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From: Chuck Simmons
Organization: You jest.
X-Mailer: Mozilla 4.61 [en] (X11; U; Linux 2.0.33 i586)
Subject: Re: How does a mixer work?
References: <firstname.lastname@example.org> <email@example.com>
Date: Wed, 23 Oct 2002 00:18:13 GMT
NNTP-Posting-Date: Tue, 22 Oct 2002 17:18:13 PDT
> John fields posted:
> << I don't know if it's old hat, but a method I worked out in the '60's
> was to send a 1kHz signal and then have the far receiver tune its
> VFO until the radio's audio output was precisely 1kHz. >>
> I'm sure some operators probably did that manually. I am still surprised that
> using reduced carrier level did not gain general favor. Under most received
> signal conditions, a carrier attenuated by 20 dB or so would have been usable
> for sync in a ssb system even with 1950's technology..
Why bother when you can synthesize the transmitted frequency and the
receiver can synthesize the LO and the carrier to reinsert all quite
easily. This was old technology when I encountered it in 1966. If you
can easily agree with the distant end and have a channel by means of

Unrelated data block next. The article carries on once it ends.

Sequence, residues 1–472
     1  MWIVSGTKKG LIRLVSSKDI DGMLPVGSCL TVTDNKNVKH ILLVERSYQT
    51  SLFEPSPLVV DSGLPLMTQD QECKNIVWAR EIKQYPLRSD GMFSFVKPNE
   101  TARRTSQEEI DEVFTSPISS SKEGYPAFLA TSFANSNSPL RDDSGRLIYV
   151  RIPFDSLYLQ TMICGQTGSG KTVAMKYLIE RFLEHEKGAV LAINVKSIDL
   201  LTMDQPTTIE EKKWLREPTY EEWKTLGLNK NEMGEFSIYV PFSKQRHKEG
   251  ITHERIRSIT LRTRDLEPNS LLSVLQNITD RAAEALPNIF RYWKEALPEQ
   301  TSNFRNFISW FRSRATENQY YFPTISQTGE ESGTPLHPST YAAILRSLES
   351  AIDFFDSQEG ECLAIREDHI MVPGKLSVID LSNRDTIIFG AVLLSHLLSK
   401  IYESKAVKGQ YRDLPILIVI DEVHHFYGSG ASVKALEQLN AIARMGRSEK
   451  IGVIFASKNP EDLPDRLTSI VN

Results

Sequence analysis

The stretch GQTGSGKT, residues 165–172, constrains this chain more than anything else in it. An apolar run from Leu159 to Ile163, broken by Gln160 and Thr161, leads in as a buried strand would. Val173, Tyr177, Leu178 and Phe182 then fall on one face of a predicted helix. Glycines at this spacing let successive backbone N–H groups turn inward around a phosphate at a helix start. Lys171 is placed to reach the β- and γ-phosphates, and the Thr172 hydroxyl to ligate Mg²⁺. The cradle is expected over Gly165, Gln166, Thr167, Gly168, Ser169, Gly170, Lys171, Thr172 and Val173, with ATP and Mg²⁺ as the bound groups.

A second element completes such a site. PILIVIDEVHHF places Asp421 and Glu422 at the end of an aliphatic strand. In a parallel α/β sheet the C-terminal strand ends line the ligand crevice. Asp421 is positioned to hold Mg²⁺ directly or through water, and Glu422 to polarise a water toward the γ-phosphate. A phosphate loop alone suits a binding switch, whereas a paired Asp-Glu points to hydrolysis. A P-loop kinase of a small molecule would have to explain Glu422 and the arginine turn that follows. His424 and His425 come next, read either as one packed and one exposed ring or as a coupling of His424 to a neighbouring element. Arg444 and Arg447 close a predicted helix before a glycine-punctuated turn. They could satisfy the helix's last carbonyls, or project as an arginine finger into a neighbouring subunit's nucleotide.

which this agreement can be reached, there is no point in a carrier. Of
course, HF communication run in this way has all but vanished but at one
time, it was the most important stategic communication system that the
US military had available. It used perhaps a hundred stations having 10s
of high power transmitters each. The site I worked at had 65 such
transmitters some 50 or so of which would be in operation at one time.
(We were a delite to local oil companies because of the insatiable
appetite of the power plant for diesel fuel. 2.5 megawatts or so takes a
little oil to produce 24/7.)
... The times have been,
That, when the brains were out,
the man would die. ... Macbeth
Chuck Simmons firstname.lastname@example.org
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